Within those search results, you’ll find a few sites you’ve probably never heard of, like Gramlike and Lifewire. But what you’ll find even more of are publications you likely have heard of dispensing caption advice for an increasingly specific array of situations. At Travel + Leisure, there’s “The 37 Best Selfie Captions and Quotes for Instagram,” and at Real Simple, don’t miss “Our Favorite Road Trip Quotes and Instagram Captions.” But those sound basic in comparison with Southern Living’s “Funny & Heartwarming Instagram Captions for Mother’s Day” or HelloGiggles’ “18 Coachella Quotes That Make for a Festival-Ready Instagram Caption” or Refinery29’s “Cardi B’s Album Is Full of Instagram Captions for All Your #OOTDs.” If there’s an event or thing that you want to post about on Instagram, then someone has definitely already published some advice on the perfect caption to pair with it. To understand how specialized this can get, consider that country star Toby Keith recently tweeted a link to a list Women.com had put together: “45 Toby Keith Lyrics Perfect for Your Instagram Captions.”
The sites that seem to be the most prolific clearinghouses of these lists of ideas for Instagram captions are Bustle and Elite Daily (which is owned by Bustle), whose recent hits include “30 Coconut Captions for Instagram, Because Paradise Is a Sip Away,” “32 Instagram Captions for the Hamptons, Because It’s Officially Summer, Beaches,” and “21 Punny National Mac and Cheese Day 2018 Instagram Captions That Honor This Glorious Holiday.” By my count, Bustle published six separate lists of Fourth of July caption suggestions, including one with 11 “last-minute” ideas. (I reached out to representatives from the sites to talk about their strategy, but they did not respond.)
There’s also an app, CapGenius, that serves a similar function. Launched in late 2016, CapGenius gives users access to a keyboard they can use in conjunction with Instagram or other apps. The keyboard itself is a sort of database of quips, organized by topic. According to co-founder Jordan Verroi, it works something like this: “You’re sitting here right now drinking a cup of coffee,” he said. “You go to Instagram. You take your picture. You can actually access your keyboard in Instagram. You would type in ‘coffee,’ and it gives you really punny and witty things to say, so ‘Java number I can call you on?’ or ‘Life is great, don’t be depresso.’ ” Lopez-Alvar, the 25-year-old from Miami, now gets paid to contribute captions to the app.
So how does all this caption advice actually stack up? Some of it seems a lot more interested in clicks than utility. I have trouble imagining a scenario in which I would want to use a Meghan Markle quote in an Instagram caption, even though a Women.com list offers 24 “flawless” options, like “I don’t want to waste time getting ready. I want to go out and have fun” and “When you invest in a great piece, you’re going to pull it out of your closet again and again.”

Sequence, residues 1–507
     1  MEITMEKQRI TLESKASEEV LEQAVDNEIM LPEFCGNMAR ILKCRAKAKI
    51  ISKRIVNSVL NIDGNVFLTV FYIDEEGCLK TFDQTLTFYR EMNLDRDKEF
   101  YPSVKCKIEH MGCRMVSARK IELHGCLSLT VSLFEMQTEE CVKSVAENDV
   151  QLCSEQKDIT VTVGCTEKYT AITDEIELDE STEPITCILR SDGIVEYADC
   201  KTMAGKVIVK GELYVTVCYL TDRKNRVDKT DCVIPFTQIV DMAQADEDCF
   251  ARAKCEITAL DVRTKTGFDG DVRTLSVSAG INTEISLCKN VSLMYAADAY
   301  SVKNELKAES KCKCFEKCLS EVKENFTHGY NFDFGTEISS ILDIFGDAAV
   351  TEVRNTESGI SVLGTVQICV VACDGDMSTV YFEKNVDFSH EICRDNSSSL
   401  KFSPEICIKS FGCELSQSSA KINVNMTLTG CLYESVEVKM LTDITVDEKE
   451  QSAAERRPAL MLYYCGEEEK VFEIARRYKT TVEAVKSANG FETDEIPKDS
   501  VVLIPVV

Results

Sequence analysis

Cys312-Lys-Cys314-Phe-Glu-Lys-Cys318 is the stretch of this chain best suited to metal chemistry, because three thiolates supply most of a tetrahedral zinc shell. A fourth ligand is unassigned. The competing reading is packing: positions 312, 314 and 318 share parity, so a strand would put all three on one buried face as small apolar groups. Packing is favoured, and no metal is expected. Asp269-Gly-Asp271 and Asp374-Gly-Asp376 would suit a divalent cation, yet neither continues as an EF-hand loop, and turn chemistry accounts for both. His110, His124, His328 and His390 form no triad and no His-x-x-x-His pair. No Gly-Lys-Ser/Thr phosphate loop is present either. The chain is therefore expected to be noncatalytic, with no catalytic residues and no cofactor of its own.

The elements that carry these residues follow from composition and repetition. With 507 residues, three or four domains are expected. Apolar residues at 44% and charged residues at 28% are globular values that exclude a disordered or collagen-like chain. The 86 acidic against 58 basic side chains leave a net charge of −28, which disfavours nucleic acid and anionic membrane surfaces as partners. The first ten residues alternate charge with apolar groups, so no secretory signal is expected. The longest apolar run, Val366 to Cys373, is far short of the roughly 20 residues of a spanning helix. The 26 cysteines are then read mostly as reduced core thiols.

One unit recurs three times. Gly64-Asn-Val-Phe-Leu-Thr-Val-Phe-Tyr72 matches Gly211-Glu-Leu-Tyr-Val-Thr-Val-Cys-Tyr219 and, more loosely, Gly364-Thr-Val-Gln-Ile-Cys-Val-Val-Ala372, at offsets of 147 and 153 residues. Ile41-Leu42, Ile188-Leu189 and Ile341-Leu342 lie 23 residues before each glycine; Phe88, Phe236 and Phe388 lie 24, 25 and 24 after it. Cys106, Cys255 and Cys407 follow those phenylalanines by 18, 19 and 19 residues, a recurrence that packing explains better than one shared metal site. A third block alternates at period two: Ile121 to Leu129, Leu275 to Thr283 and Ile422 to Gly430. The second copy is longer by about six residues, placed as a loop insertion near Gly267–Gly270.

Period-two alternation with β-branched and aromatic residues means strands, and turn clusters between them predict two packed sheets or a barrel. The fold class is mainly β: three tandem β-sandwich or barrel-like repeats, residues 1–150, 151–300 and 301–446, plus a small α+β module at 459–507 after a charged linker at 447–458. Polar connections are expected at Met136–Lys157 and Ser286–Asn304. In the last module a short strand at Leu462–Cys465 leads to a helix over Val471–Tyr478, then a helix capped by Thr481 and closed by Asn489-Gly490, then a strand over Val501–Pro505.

The logic behind some of the lyric suggestions also falls flat. One Fourth of July post recommended quoting the Minnie Riperton song “Never Existed Before”: “The light of the stars… the clouds in the sky/The fireworks on the Fourth of July.” With all due respect to Minnie Riperton, show me the person who both knows who Riperton is and uses online research to come up with Instagram captions, because I suspect such a person does not exist. Many of the suggested quote captions also feel far-fetched. Why would a teen or twentysomething want to quote Billy Graham or Benjamin Disraeli on Instagram?
Some of the posts are just lazy. “Happy as a clam,” one Odyssey post that purports to offer 100 ideas suggests. “Beach Days are the best” is another one on that list. I’m picturing an angry Gen Zer throwing her phone at the wall: “I Googled for this crap?!?” Another strange choice: In its list of bathing-suit-caption ideas, Sweety High, a website for girls, offers a bunch of cutesy sayings, like “Salty vibes” or “Suns out buns out,” but treats each one as if it’s a quote attributed to “Unknown,” giving the feeling that one is reading a bizarro-universe, surfer-chick version of Bartleby.com. Elite Daily similarly and weirdly recommends captioning your “pina colada pics” with so-called quotes like “ ‘Feeling tropical.’ — Unknown” or “ ‘This is my happy place.’ — Unknown.” Is the joke that no one would actually want to be credited for writing a caption that inane?
“I barely remember writing any of them,” said a New York–based writer who has contributed lists of Instagram captions to an online publication (and who didn’t want to use her name because she didn’t want to criticize her workplace publicly). It takes about 45 minutes to put together one list, she said, and she tries to turn off her brain when she writes them. The process goes something like this: “You look at Instagram. You see what people are posting, because that’s kind of what the point of these stories are, is that somebody wants everything aggregated together in one story; they don’t want to spend an hour looking through rosé hashtags and getting ideas.” In addition, she said, “I spend a lot of time in idiom dictionaries, like wine idioms, and things that rhyme with rosé, every possible idiotic thing that I can think of.”